The role of TSH receptor antibodies in the management of Graves' disease

Eur J Intern Med. 2011 Jun;22(3):213-6. doi: 10.1016/j.ejim.2011.02.006. Epub 2011 Mar 22.


The central role of thyrotropin receptor antibodies (TRAbs) in the pathogenesis of Graves' disease has been recognised for several decades. However, the practical application of testing for TRAbs in clinical decision making remains the subject of controversy. The diagnosis of Graves' disease can be made in most cases simply based on a patient's clinical presentation. The TRAb test is therefore of most value in ambiguous clinical scenarios such as in the differential diagnosis of unilateral exophthalmos, euthyroid Graves' ophthalmopathy, subclinical hyperthyroidism, thyrotoxicosis associated with hyperemesis gravidarum, amiodarone-induced thyrotoxicosis and painless thyroiditis. It may also have a role in predicting the risk of a recurrence of Graves' disease following a course of antithyroid drug treatment. One further clinical utility of the TRAb test is in pregnancy where antibody titre measured during the third trimester is used to predict the risk of neonatal thyroid dysfunction. The TRAb titre not only aids in clinching a difficult diagnosis but can also help guide treatment in some patients. Although the TRAb assay has become more affordable in recent years, cost remains an important factor when considering its use routinely. Nonetheless, this is an underutilised blood test that could augment standard endocrine investigations in the differential diagnosis of hyperthyroidism.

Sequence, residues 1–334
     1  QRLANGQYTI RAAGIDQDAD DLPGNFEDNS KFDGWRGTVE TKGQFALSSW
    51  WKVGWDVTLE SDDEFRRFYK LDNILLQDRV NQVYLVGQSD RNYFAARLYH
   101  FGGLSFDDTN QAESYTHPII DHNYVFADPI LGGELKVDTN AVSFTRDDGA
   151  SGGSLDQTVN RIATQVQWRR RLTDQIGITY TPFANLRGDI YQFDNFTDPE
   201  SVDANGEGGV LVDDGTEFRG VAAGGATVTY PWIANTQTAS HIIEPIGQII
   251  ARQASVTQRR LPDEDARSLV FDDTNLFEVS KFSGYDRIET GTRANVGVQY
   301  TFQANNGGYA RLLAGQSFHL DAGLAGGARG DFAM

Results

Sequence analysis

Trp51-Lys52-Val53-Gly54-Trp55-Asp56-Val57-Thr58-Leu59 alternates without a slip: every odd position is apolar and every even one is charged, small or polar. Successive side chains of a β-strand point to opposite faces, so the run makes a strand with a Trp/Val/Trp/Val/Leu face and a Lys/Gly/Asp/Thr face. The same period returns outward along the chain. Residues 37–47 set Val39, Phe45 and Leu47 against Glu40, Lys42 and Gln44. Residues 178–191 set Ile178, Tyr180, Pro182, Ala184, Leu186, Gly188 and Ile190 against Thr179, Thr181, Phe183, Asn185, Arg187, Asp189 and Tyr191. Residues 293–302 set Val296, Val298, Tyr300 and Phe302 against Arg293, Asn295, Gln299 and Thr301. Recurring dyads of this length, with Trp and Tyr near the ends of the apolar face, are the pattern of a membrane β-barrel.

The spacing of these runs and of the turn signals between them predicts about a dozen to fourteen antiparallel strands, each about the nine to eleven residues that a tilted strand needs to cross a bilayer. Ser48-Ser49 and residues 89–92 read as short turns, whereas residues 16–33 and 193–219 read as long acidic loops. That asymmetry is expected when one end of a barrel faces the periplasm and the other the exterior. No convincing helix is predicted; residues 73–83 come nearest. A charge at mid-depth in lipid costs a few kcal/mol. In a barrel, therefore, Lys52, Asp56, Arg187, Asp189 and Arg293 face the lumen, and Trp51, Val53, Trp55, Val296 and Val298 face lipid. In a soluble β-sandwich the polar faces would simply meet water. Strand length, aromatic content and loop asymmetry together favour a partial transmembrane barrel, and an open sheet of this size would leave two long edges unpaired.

Publication types

  • Case Reports
  • Review

MeSH terms

  • Adult
  • Biomarkers / blood*
  • Diagnosis, Differential
  • Female
  • Graves Disease* / diagnosis
  • Graves Disease* / epidemiology
  • Graves Disease* / immunology
  • Humans
  • Immunoglobulins, Thyroid-Stimulating / blood*
  • Middle Aged
  • Receptors, Thyrotropin / immunology*
  • Risk Factors
  • Seroepidemiologic Studies


  • Biomarkers
  • Immunoglobulins, Thyroid-Stimulating
  • Receptors, Thyrotropin